Runner Up: Nom Nom Now

NomNomNow is dedicated to making sure your dog gets all its necessary vitamins and minerals. To achieve this, each NomNomNow meal includes NomNomNutrient mix and Fish Oil, so you don’t have to worry about buying extra supplements for your pup. All of NomNomNow’s meals are specially made by Dr. Justin Shmalberg, one of the world’s leading veterinary nutritionists. He and his team have created four main meals: Heartland Beef Mash, Tasty Turkey Fare, Chicken Chow-Wow, and Porkalicious Pork, customizing each of these recipes based on your dog’s needs. Meals are made fresh weekly using restaurant-quality ingredients, and then are hand-inspected before being sent to you.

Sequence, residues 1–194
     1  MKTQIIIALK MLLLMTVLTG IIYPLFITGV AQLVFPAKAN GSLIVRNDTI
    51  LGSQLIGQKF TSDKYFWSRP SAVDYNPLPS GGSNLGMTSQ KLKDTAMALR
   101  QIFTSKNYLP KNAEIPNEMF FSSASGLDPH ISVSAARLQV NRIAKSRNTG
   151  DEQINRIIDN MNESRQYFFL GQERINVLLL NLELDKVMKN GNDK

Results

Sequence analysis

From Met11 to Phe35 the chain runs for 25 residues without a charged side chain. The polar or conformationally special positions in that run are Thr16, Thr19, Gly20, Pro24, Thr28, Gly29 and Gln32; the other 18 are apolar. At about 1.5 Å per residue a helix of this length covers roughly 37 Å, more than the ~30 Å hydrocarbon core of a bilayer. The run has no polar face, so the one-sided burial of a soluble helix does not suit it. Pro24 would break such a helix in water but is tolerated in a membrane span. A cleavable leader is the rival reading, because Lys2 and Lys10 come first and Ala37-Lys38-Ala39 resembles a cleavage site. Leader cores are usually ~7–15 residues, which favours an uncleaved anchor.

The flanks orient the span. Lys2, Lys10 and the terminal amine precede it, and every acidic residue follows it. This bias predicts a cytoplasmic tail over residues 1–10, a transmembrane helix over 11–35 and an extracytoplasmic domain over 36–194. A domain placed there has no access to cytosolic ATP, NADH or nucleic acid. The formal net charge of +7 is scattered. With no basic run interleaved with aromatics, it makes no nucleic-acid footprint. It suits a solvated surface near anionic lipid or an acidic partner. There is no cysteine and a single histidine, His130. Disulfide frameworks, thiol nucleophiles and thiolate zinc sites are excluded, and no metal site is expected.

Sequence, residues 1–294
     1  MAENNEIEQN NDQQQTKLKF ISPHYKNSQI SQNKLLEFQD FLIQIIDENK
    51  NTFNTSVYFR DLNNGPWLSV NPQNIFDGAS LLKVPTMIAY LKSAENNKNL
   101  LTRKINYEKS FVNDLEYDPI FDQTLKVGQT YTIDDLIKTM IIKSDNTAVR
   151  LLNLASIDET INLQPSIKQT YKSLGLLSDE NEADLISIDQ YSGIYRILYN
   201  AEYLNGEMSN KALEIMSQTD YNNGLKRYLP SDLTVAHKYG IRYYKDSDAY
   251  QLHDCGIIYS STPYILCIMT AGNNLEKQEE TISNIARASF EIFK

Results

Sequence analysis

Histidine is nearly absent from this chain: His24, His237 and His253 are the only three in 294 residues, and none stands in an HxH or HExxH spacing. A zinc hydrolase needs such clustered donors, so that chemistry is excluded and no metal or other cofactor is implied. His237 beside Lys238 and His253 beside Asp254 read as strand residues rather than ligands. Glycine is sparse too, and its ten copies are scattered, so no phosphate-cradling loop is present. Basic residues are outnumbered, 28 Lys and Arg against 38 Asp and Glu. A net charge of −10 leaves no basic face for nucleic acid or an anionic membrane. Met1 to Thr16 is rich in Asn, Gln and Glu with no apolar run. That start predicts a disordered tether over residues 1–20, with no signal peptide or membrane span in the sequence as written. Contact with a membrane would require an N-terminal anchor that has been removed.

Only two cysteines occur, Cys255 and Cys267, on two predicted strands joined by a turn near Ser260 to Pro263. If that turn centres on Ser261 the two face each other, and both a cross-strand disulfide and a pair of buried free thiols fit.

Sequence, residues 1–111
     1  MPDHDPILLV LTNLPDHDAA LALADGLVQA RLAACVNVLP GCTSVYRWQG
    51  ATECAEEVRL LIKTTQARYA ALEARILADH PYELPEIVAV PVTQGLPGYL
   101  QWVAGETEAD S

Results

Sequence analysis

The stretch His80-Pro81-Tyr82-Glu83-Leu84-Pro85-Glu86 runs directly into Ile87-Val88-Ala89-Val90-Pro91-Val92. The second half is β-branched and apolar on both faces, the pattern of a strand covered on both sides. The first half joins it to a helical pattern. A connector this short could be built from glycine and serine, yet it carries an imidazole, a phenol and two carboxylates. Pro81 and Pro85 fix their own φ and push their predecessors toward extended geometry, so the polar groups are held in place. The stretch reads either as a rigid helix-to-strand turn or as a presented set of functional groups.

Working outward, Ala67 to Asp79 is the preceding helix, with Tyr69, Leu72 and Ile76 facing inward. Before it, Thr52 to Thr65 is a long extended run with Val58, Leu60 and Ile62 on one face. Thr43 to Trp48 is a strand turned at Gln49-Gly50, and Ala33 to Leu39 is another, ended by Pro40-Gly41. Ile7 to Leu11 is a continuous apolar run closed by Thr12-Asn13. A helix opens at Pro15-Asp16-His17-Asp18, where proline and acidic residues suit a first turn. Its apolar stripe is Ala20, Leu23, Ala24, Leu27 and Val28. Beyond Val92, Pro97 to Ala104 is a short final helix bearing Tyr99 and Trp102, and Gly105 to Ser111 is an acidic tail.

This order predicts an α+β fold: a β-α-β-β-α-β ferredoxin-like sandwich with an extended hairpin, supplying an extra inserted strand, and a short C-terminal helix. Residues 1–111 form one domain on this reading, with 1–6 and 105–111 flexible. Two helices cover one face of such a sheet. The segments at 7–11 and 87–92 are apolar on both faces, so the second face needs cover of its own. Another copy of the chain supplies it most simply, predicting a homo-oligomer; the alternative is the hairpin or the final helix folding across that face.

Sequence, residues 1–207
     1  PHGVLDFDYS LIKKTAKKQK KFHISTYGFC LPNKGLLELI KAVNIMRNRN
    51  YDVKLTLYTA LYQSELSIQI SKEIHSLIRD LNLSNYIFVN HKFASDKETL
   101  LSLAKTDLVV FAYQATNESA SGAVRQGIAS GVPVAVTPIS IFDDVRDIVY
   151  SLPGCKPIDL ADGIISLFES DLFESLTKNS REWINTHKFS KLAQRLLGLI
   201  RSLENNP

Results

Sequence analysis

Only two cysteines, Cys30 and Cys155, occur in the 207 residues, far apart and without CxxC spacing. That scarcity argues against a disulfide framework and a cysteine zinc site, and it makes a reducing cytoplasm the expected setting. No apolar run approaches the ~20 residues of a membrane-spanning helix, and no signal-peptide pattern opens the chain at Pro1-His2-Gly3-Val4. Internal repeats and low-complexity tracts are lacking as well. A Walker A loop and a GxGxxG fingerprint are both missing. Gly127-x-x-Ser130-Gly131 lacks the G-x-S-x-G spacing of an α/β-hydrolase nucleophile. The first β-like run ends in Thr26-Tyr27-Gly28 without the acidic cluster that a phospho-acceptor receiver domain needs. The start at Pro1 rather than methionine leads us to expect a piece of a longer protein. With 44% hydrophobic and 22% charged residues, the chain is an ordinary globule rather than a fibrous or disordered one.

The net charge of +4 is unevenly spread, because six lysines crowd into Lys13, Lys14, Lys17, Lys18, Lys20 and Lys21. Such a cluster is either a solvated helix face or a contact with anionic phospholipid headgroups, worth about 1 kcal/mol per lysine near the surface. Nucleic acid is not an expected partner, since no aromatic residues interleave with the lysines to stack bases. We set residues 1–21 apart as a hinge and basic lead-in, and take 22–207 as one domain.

Our team at Insider Envy are not veterinarians but care deeply about dogs. Feeding your dog healthy and balanced meals made out of real, fresh ingredients from places like Ollie may help to lower your dog’s risk of disease, but it doesn’t eliminate it. If you believe your dog is at risk for DCM or any other disease, you should consult your veterinarian immediately.

Update: Ollie is extending a limited time offer to our readers. Buy Ollie now through this article and receive an exclusive 50% off your first box for a limited time only.

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by Insider Envy Staff